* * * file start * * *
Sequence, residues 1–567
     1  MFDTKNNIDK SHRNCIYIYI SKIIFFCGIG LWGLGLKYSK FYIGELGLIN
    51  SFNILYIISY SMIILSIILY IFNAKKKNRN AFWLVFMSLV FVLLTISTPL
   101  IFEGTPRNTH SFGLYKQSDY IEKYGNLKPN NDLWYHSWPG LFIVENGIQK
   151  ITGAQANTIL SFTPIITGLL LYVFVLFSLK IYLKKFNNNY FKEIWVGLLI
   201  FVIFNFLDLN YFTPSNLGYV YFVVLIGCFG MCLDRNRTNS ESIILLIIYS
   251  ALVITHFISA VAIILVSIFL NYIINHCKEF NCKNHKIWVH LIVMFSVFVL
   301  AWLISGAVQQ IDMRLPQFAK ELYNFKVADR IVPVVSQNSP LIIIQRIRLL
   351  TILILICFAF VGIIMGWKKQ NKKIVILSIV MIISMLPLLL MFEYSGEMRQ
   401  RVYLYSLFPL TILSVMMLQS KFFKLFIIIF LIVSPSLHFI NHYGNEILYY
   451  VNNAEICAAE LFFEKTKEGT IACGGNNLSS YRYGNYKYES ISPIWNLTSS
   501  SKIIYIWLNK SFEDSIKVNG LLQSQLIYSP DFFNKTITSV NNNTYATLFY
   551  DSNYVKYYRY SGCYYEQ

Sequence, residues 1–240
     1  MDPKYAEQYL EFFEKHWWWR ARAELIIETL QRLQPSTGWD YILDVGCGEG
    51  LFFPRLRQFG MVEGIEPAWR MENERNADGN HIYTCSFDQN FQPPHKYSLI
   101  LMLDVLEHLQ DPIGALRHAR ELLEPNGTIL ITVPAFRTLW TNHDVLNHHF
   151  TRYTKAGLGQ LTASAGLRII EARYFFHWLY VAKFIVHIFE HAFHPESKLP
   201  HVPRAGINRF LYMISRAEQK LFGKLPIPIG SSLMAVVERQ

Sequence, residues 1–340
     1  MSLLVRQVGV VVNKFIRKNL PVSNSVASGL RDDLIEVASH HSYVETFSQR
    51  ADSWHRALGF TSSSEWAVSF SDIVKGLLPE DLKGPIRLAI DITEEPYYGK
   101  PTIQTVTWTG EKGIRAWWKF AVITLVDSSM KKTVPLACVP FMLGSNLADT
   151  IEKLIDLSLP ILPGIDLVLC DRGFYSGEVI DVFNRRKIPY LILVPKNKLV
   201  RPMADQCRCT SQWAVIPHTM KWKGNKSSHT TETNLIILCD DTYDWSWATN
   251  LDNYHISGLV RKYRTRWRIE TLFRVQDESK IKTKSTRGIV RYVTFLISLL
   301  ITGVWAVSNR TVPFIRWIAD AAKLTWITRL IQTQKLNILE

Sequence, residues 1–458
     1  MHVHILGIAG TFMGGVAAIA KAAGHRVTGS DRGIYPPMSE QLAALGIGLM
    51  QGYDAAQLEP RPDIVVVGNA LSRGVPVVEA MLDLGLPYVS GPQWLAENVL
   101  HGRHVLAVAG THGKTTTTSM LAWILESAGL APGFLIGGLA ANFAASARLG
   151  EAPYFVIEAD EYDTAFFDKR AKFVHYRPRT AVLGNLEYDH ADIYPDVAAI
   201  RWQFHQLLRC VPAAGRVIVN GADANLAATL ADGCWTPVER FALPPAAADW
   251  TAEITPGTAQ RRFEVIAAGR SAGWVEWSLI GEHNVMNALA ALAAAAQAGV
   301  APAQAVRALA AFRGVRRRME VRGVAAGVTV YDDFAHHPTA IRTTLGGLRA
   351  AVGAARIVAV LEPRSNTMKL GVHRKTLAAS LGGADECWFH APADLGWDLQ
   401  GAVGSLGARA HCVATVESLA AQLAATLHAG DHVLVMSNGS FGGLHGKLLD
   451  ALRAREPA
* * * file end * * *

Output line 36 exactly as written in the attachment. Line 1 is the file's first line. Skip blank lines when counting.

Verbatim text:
   351  AVGAARIVAV LEPRSNTMKL GVHRKTLAAS LGGADECWFH APADLGWDLQ